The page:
We were recently hired by a new client (YAY!) and the new client was quite blunt in expressing her concerns and reservations, based on previous past bad experiences with other lawyers. “How can we be sure you’re not over-billing us?” “How can we be sure we’re not going to get socked with a huge bill that we didn’t see coming?”
On the one hand, I took exception to the suggestion that, before the client had any basis to doubt LEVENTHAL pllc’s professionalism, honesty, or integrity, she did (or, at least, entertained the possibility that she might). On the other hand, I deeply appreciated her candor. Clients put their trust in their lawyers. It is scary. This client was simply voicing fears that many, maybe most, clients think but don’t say.
I responded to the client’s questions with a few points. First, I said that the client would just have to trust me. Second, I offered to provide the client the names of other clients of the firm who could vouch for our efficiency, professionalism, diligence, communication skills, and our relatively inexpensive legal services. Third, I told the client that the firm prided itself on timely communication as well as timely and detailed billing. I urged the client to review the bills and raise any questions at any time.
But, in the end, we finish where we started: clients just have to trust their lawyers.
But, of course, it is a two-way street.
Consider the attached memorandum in support of a motion for a temporary restraining order and the resulting order from U.S. District Court Judge Patrick J. Schiltz.
Plaintiffs Aditya Sharma and Anshu Sharma brought what was, in effect, an emergency motion to halt “a campaign of violence and intimidation,” recounting, among other things, an episode of an alleged savage beating (see here at p.3). Judge Shiltz, however, seems to have entertained suspicions that Plaintiffs fabricated evidence (see here at p. 14, ftn. 4). Judge Schiltz rejected all aspects of the Plaintiffs’ motion and dropped the footnote warning Plaintiffs’ lawyers to tread with caution. Minnesota lawyers are “forbidden to offer or rely upon evidence [they] know is false” (citing Rule 3.3(a)(3) of the Minnesota Rules of Professional Conduct).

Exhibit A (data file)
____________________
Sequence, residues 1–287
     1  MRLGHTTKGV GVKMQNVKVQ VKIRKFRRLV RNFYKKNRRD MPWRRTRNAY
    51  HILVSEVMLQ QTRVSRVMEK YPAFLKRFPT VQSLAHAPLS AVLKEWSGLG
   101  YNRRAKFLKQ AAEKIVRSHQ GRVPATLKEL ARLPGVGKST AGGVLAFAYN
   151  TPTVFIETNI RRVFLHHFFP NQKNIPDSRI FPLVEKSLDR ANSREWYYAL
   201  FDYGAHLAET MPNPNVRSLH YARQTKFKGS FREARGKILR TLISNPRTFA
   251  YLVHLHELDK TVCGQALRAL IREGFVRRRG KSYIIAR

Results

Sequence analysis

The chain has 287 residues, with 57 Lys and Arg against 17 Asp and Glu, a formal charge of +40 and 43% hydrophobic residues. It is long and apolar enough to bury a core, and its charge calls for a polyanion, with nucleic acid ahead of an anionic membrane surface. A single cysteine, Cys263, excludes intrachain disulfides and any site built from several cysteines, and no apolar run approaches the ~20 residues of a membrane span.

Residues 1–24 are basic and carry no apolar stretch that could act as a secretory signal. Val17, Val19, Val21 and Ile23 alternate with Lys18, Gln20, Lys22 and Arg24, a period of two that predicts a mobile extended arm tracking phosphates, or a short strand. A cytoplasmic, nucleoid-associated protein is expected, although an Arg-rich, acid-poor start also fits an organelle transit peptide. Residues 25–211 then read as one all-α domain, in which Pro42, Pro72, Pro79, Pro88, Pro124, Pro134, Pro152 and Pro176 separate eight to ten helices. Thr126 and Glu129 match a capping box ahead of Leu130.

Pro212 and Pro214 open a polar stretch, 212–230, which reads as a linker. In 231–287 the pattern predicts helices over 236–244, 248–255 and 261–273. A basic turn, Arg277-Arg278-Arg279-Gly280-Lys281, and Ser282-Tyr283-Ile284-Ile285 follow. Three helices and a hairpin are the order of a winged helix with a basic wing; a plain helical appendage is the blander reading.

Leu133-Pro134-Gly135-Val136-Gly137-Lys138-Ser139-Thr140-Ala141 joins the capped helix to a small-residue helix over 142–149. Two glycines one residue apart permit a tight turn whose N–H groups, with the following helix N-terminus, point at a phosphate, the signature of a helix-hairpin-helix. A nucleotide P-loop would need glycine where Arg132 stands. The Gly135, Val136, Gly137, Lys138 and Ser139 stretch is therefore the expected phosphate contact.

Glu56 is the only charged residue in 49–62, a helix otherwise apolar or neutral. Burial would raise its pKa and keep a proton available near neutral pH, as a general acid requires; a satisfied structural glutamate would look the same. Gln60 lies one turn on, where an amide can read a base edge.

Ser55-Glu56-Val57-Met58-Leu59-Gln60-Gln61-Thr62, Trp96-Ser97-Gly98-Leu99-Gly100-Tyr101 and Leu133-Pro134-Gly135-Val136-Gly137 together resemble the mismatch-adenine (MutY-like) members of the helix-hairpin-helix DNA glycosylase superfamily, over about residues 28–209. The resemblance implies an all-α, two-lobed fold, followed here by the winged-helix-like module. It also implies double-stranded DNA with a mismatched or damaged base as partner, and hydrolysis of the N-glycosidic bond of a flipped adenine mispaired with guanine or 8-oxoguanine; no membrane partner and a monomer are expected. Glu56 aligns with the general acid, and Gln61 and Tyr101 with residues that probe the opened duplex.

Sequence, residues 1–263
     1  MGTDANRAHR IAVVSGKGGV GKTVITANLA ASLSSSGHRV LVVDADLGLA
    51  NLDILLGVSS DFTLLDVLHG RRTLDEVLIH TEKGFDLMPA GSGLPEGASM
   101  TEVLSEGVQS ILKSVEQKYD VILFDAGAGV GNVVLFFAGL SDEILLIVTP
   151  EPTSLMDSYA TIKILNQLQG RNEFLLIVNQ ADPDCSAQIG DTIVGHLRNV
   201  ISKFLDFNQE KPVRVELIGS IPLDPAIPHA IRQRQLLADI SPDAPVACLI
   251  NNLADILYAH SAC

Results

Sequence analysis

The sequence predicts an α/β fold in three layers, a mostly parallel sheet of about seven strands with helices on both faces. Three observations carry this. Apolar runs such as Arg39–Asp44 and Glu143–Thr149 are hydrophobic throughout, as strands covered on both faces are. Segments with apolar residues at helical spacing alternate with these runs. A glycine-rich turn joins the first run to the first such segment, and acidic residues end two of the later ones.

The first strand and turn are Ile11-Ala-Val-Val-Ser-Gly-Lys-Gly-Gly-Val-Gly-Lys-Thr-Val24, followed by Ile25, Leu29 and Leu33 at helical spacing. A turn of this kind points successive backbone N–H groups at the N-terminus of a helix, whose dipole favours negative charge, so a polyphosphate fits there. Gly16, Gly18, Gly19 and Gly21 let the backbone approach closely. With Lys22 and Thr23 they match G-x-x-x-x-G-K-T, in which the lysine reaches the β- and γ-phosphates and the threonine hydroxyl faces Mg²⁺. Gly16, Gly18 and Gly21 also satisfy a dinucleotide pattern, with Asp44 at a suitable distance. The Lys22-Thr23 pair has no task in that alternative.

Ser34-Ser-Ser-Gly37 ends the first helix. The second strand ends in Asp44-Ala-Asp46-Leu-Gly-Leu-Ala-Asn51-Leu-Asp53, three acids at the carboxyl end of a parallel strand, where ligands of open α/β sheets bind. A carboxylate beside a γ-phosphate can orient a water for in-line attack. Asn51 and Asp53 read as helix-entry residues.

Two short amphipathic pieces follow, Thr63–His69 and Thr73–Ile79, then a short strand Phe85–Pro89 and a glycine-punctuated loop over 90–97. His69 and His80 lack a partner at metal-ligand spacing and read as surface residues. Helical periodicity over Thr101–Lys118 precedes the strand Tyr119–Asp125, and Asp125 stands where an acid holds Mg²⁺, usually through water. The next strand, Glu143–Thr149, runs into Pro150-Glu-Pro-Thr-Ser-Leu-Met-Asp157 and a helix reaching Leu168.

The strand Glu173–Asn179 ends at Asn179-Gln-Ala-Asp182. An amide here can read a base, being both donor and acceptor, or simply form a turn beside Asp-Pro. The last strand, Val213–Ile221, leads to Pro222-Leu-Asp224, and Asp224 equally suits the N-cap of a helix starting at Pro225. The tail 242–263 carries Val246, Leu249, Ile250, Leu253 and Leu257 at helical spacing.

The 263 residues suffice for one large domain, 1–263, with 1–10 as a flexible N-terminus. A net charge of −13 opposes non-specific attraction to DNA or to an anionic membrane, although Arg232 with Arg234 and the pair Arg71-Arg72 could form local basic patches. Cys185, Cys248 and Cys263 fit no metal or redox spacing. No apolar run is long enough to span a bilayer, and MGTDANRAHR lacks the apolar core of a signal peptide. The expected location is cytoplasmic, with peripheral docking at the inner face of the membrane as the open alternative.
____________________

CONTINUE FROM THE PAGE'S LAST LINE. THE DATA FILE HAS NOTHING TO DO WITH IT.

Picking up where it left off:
(In addition, we note the following rule, 3.4, that provides that Minnesota lawyers are forbidden from “falsify[ing] evidence, [or] counseling or assist[ing] a witness to testify falsely…”)
Query whether a lawyer violates Rule 3.3 if he recklessly offers evidence without meaningful investigation into its truth or falsity or if she violates Rule 3.4 by counseling a witness to testify, without any serious consideration, investigation, or evaluation of whether the testimony is true or false?
Who wants to be the test case for those questions?
The bottom line, again, is the importance of trust. The importance of developing trust as between client and attorney cannot be overstated. Without trust, there is likely only grief and non-compensable pain and suffering.